The suitable "multiple antigens" include diphtheria and tetanus toxoids, the triple antigen-diphtheria, pertussis and tetanus toxoids such as are available from Connaught Laboratories, Inc. Swiftevater, Pa. 18370. The wide variety of viral strains and cell substrates and the the varied immunization schedules used in different countries are disclosed in White, D.O., and Fenner F., Medical Virology. 3rd Edition (Academic Press 1986).
In addition, the GM-CSF will typically be used to enhance the protection afforded by animal or human vaccines that are considered "weak" (i.e., provide diminished protection in terms of level, extent, and/or duration). Examples of such vaccines are bacterins such as Bordetella bacterin, Escherichia coli bacterins, Haemophilus bacterins, Leptospirosis vaccines, Moraxella bovis bacterin, Pasteurella bacterin and Vibrio fetus bacterin, pneumococcal vaccines and attenuated live or killed virus products or recombinant antigenic viral products such as hepatitis B, influenza A & B, bovine respiratory disease vaccine, infectious bovine rhinotracheitis, parainfluenza-3, respiratory syncytial virus, bovine virus diarrhea vaccine, equine influenza vaccine, feline leukemia vaccine, feline respiratory disease vaccine rhinotracheitiscalicipneumonitis viruses, canine parovovirus vaccine, transmissible gastroenteritis vaccine, pseudorabies vaccine, and rabies vaccine.
The term "effective amount" as used herein regarding the effective amount of GM-CSF administered in accordance with the present invention means an amount of GM-CSF which produces an increase in antibody level sufficient to provide increased protection from an infectious agent than if a vaccine had been administered without GM-CSF. However, it should be noted a significant increase in antibody level may be relatively small. The effective amount of GM-CSF administered is from 0.1 to 500 μg of GM-CSF per kilogram of body weight. More preferably, the effective amount administered is from 1 μg to 100 μg and most preferably from 5 to 50 μg of GM-CSF per kilogram of body weight.
The amount, frequency and period of administration will vary depending upon factors such as the level of the specific antibody titers, the class of antibody to be induced, the vaccine type as well as the age of the patient and general physical condition. The GM-CSF can be 5 administered before, concurrently with or after the vaccine is administered. Preferably, one dose of GM-CSF is given to the patient from 1 to 14 days prior to the administration of the vaccine. Most preferably the GM-CSF is administered about 24 hours prior to or after the administration of the vaccine.
The GM-CSF will normally be administered separately from the vaccine, although it may be administered in combination with the vaccine. When GM-CSF is combined with the vaccine, the composition administered contains an immunogen that is effective in eliciting a specific response to a given pathogen or antigen, a pharmaceutically acceptable vaccine carrier and an immunopotentiating amount of GM-CSF. Administration of GM-CSF can be subcutaneous, intravenous, parenteral, intramuscular, or any other acceptable method. Preferably, GM-CSF is administered prior to the administration of the vaccine and at the same site where the vaccine is to be administered. The formulations and pharmaceutical compositions contemplated by the above dosage forms can be prepared with conventional pharmaceutically acceptable excipients and additives, using conventional techniques. Other adjuvants may be administered either with the vaccine or together with the GM-CSF.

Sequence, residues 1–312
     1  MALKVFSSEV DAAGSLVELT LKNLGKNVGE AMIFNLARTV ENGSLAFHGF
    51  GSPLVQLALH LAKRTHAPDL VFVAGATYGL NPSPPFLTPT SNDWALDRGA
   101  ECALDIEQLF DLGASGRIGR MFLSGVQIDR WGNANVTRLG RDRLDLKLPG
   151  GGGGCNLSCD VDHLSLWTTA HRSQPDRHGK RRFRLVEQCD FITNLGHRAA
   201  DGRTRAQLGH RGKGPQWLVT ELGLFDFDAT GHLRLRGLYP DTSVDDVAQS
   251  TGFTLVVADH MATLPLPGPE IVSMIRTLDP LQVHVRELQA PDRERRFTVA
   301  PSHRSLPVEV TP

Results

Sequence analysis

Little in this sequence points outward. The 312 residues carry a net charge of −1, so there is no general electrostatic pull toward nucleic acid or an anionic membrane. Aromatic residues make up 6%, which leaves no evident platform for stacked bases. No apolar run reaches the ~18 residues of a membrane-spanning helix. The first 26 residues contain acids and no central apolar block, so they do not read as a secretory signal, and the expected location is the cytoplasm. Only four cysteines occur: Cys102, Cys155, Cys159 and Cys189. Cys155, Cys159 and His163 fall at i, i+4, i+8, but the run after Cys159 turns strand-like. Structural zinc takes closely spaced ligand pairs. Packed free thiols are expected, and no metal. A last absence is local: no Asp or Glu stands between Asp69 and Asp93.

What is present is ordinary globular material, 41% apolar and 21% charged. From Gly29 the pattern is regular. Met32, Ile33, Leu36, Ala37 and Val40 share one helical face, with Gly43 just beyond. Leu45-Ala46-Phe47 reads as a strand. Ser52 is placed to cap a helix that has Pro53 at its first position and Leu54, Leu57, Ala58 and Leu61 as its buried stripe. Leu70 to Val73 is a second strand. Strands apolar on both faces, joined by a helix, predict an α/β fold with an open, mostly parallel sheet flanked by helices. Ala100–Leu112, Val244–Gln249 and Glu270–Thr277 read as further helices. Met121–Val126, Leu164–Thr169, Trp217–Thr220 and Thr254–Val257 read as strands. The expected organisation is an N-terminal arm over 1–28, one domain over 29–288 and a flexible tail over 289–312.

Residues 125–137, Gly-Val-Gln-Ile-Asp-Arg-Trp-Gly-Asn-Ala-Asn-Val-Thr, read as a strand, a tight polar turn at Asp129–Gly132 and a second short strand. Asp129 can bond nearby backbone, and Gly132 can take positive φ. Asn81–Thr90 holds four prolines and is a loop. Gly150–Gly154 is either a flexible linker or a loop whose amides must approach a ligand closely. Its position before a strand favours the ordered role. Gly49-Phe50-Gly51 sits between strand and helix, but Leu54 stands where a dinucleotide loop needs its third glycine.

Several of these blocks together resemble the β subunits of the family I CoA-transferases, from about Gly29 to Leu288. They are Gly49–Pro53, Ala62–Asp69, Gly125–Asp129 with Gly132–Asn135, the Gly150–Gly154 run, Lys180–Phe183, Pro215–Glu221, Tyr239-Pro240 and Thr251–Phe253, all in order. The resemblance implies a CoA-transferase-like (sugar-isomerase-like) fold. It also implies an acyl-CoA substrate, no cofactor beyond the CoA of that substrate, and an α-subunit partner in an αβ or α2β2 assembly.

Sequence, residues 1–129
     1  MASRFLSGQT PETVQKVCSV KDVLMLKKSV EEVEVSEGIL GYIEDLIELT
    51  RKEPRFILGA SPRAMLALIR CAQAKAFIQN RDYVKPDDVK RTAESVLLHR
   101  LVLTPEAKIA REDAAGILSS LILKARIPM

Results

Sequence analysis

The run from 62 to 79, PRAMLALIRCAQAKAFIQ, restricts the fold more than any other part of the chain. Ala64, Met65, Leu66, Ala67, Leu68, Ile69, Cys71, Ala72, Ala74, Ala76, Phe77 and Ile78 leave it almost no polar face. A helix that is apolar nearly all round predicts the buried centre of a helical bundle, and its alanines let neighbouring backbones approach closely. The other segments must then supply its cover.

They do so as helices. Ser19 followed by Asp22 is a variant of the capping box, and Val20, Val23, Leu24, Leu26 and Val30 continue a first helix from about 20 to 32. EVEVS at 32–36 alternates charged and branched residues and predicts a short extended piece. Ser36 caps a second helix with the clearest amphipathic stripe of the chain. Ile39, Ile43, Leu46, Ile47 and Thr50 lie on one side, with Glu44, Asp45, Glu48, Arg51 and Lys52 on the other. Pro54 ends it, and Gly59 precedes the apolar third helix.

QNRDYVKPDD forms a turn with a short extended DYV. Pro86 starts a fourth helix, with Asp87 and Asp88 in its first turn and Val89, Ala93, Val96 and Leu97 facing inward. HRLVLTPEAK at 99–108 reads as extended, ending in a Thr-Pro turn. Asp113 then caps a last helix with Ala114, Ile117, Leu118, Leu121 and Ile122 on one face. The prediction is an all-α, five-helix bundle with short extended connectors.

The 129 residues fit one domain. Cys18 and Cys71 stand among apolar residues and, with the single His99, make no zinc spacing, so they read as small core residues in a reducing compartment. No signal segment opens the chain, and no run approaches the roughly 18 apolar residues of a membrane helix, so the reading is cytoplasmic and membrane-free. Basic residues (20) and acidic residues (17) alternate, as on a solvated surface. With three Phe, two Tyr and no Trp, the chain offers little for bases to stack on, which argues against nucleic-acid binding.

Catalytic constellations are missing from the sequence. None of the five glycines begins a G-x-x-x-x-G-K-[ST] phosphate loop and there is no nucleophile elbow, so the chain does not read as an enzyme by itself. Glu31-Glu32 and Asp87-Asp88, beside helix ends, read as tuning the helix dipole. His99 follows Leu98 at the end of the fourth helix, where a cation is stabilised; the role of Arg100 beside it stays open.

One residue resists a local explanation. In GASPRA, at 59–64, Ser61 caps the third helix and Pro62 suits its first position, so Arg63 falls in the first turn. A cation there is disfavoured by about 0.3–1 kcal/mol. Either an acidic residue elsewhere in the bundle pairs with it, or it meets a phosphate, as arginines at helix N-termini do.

If multiple doses of the vaccine are to be administered over a period of time, additional GM-CSF may be administered in conjunction with each subsequent dose of the vaccine. The amount of GM-CSF which is administered with each subsequent dose of the vaccine may be more, the same or less than the amount of GM-CSF administered in conjunction with the initial dose of the vaccine. The amount of GM-CSF administered with each subsequent dose of the vaccine will depend upon the antibody response of the patient after the first dose of the vaccine.
Solutions of GM-CSF to be administered may be reconstituted from lyophilized powders and they may additionally contain preservatives buffers, dispersants, etc. Preferably, GM-CSF is reconstituted with any isotonic medium normally utilized for subcutaneous injection, e.g., preservative-free sterile water.
A sustained release formulation of GM-CSF can be administered which will result in a longer serum half-life of the drug. Examples of such formulations are the following:
______________________________________Formulation 1INGREDIENTS______________________________________Lyopilized GM-CSF 10-1000 mcgZinc Acetate 4.0 mgProtamine Sulfate 2.5 mgSodium Hydroxide 0.6 mgWater for Injection q.s. 1 ml______________________________________
To prepare the sustained release preparation of GM-CSF according to Formulation 1, the lyophilized GM-CSF is dissolved in a portion of the Water for Injection and the pH of the solution is adjusted to 8.2 using sodium hydroxide. The protamine sulfate is added and the mixture is agitated, after which the zinc acetate is added and the mixture is again agitated. The total solution is brought to the final volume with the remaining Water for Injection. Preferably, the sodium hydroxide, protamine sulfate and zinc acetate are added as concentrated aqueous solutions (e.g. for protamine, 100 microliters of a 25 mg/ml aqueous solution).